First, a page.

Thanks for all your comments.

  • https://secure.gravatar.com/avatar/ab4ec2858cfdf1e44dadf8c50fae314d?s=32&d=https%3A%2F%2Fsecure.gravatar.com%2Favatar%2Fad516503a11cd5ca435acc9bb6523536%3Fs%3D32&r=G Dmitry Kostochko (Add-in Express Team) says:

    Hello Esteban,

    Q: Have you tried actually deploying a .Net4 / NoPIA add-in for Outlook using ClickOnce? In your example where you compile your sample project a couple of times (where different libraries get automatically linked / referred), if you were to deploy the project would you expect to see different DLLs sent to the client each time?

    A: I have just tried to deploy a .NET4 add-in with Embed Interop Types property set to true, it worked fine, updates also work as expected. I am a bit confused by the second part of your question. You can build your project as many times as needed but your users will not get any updates unless you publish it.

    Q: And a somehow related question about .Net frameworks (now that you are making me consider it). Do you know if it’s possible to “upgrade” the .Net framework of an already deployed add-in? For example, consider you already have deployed and add-in targeting .Net 2.0 using ClickOnce. Is it possible to compile a new version of and existing add-in now targeting .net 4 and make it available as an “update” (CheckForUpdates) to the existing app or users will have to uninstall that application and install it again from a newer location (.net 4)?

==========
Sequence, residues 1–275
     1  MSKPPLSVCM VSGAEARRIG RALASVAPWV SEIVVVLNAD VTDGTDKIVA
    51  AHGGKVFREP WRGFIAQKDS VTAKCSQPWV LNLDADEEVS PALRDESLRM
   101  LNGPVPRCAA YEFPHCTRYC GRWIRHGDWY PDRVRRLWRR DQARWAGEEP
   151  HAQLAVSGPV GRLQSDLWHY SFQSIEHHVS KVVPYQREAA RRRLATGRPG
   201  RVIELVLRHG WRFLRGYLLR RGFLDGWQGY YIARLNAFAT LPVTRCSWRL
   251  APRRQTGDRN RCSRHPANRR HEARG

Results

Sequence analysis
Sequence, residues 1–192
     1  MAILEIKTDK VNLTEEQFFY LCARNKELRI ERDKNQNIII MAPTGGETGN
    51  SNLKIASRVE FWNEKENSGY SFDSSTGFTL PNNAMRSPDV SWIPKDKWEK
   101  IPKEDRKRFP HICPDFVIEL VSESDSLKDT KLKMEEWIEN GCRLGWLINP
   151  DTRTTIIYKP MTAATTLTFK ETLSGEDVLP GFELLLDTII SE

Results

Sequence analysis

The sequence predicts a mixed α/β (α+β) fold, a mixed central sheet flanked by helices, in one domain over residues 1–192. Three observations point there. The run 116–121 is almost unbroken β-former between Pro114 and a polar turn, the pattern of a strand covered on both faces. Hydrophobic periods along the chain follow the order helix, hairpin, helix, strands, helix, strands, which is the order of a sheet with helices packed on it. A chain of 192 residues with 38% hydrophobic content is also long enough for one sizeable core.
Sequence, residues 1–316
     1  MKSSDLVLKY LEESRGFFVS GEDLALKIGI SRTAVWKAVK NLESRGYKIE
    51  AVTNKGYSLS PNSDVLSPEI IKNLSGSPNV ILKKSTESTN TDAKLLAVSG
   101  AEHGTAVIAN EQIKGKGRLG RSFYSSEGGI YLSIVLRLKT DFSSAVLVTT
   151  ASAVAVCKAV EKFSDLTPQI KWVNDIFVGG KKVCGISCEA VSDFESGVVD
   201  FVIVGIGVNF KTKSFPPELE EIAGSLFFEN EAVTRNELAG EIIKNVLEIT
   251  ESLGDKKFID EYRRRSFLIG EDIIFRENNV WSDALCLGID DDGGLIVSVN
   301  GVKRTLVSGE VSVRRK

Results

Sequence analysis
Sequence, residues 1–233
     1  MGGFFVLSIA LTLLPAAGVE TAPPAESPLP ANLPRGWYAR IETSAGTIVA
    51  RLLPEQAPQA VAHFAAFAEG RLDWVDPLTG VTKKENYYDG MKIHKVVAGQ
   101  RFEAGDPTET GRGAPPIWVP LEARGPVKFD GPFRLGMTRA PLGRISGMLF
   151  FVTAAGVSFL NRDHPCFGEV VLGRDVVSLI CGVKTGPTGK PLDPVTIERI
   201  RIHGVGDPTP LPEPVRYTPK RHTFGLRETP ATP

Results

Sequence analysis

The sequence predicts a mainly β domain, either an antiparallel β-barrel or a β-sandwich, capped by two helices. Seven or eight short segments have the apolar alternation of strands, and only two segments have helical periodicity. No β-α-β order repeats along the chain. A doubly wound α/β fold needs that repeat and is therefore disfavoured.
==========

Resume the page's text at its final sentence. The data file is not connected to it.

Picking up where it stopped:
A: Good question! I am going to test this scenario and will give you the precise answer after that.

  • https://secure.gravatar.com/avatar/b7edeccc7c9aa9bb1806fafc933e1d64?s=32&d=https%3A%2F%2Fsecure.gravatar.com%2Favatar%2Fad516503a11cd5ca435acc9bb6523536%3Fs%3D32&r=G Esteban says:

    Hi Pieter,

    For the first question, what I meant to say is to deploy the updated project adding one more dynamic reference. If you were to do that, would you expect to see different DLLs at the client computer? By different I mean the framework libraries deployed along your own add-in files, which of course are different after recompiling. You said that it works, which is good news, but do you see a difference in deployment size each time (maybe looking at the Publish folder of your solution?

    Looking forward to your results with the “upgrade” scenario.

    Thanks again!

  • https://secure.gravatar.com/avatar/ab4ec2858cfdf1e44dadf8c50fae314d?s=32&d=https%3A%2F%2Fsecure.gravatar.com%2Favatar%2Fad516503a11cd5ca435acc9bb6523536%3Fs%3D32&r=G Dmitry Kostochko (Add-in Express Team) says: